“Among the Believers” is about troubles and reveals, probing how the Islamic war entering into the region of Islamabad, Pakistan. The documentary film shows the open functioning of an infamous “Red Mosque” looking like an avowed incubator distributing jihad.
The short documentary says it all in a span of 84 minutes that will be screened worldwide in theatres on September 30, 2016. The film takes a bold step by directly showcasing the inexhaustible limits to initiate Islamic war. It shows how the young innocent Pakistani children taking the elementary education in a school in Islamabad. But they’re seen focusing less on the needs to get basic life skills, but instilling an extreme and militaristic interpretation of the “Quran”.
“Among the Believers” shows a plethora of impoverished citizens of the country who feel pride to become one of the Jihadis and pursuing a never declared Islamic war. They indulge in such acts that they themselves don’t have any idea about it. They’re just busy taking the training to become a dreaded criminal in the future who know only about gore and violence. However, others seem to criticise the system unreservedly.
Genre: Documentary, Special Interest
Directed By: Mohammed Ali Naqvi, Hemal Trivedi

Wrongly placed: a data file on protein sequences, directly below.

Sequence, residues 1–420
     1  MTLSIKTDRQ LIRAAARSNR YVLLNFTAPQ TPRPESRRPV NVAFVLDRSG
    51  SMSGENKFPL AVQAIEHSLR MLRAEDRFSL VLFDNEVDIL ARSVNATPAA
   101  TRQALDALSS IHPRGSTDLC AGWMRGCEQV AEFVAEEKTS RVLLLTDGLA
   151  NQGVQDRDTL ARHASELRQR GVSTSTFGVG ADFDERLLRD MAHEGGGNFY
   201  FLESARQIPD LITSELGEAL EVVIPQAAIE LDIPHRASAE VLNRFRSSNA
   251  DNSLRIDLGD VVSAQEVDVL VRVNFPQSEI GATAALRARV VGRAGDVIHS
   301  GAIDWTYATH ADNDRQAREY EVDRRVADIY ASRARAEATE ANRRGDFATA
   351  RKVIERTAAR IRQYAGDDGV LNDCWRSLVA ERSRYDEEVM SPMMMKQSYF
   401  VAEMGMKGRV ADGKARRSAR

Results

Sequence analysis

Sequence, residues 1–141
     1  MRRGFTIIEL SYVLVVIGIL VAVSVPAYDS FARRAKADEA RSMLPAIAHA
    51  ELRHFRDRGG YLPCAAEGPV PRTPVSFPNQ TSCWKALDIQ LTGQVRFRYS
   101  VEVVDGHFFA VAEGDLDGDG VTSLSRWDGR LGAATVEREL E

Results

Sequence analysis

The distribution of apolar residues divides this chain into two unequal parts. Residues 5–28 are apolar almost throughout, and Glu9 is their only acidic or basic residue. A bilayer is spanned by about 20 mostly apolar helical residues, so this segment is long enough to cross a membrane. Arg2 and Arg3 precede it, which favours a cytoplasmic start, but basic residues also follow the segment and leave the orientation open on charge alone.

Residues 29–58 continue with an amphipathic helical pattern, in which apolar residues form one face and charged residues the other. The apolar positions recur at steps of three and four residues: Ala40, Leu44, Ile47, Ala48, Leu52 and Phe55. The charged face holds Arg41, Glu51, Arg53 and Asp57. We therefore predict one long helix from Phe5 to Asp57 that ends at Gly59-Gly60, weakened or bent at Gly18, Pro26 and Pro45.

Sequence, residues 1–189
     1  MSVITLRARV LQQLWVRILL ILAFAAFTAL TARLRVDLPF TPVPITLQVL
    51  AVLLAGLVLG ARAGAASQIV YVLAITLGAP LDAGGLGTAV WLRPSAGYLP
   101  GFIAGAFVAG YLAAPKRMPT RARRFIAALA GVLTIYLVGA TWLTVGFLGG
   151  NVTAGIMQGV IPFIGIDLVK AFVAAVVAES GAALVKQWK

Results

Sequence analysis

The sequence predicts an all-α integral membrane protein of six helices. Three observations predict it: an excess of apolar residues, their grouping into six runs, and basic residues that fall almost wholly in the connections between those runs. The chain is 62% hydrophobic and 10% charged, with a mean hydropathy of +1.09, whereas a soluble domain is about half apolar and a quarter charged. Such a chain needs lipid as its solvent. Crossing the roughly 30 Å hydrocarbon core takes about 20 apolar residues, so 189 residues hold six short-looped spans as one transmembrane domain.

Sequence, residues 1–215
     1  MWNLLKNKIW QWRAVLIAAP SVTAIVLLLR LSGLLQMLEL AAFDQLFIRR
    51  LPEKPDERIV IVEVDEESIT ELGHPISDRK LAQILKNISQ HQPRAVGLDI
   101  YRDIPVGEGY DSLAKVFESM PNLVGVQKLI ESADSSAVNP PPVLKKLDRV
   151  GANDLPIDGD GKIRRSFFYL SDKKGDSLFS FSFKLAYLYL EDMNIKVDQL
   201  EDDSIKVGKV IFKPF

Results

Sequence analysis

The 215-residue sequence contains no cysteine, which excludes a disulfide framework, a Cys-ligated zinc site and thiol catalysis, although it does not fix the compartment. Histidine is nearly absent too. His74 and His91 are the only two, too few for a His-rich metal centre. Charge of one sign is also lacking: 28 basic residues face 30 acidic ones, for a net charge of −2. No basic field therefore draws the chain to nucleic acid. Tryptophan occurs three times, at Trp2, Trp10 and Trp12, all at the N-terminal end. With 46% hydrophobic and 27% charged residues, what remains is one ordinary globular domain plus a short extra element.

Written By: Jonathan Goodman Levitt
Released Date: Sep 30, 2016 worldwide
Studio: First Run Features
Duration: 84 minutes
A fascinating documentary on emerging Islamic war from the inside of Red Mosque in Pakistan
“Mohammed Ali Naqvi” & “Hemal Trivedi” (both are known to produce documentaries) should be given a credit to produce a much deserving film on the burning sensation that would probably complement mass coverage to the entire media fraternity than getting into theatrical interventions. The documentary seems to offer an alarming and candid insight into the Islamic war posed by the notorious and expanding network of Red Mosque in Islamabad, Pakistan.
As the film progresses, it shows a Muslim cleric by the name “Abdul Aziz Ghazi”, who happens to be the ISIS supporter, running a self proclaimed campaign of imposing Sharia law and raising the next version of Jihad supporters. If we discuss a bit about the religious extremism then it’s not just limited to a particular locality, but affecting the entire humanity across the globe. However, if we look at Pakistan, then you can only see hundreds of nourishing “madarsas” ready to create Front-line soldiers in the name of religion eventually making a frightening and tense way of life.